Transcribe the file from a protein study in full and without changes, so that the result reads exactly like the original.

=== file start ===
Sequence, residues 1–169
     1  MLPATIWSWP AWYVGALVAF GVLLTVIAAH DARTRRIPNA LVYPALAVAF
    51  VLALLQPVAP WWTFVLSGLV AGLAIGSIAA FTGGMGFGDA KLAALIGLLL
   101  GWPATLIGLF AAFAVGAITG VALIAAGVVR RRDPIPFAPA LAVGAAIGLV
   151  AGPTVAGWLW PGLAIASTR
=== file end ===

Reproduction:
Sequence, residues 1–169
     1  MLPATIWSWP AWYVGALVAF GVLLTVIAAH DARTRRIPNA LVYPALAVAF
    51  VLALLQPVAP WWTFVLSGLV AGLAIGSIAA FTGGMGFGDA KLAALIGLLL
   101  GWPATLIGLF AAFAVGAITG VALIAAGVVR RRDPIPFAPA LAVGAAIGLV
   151  AGPTVAGWLW PGLAIASTR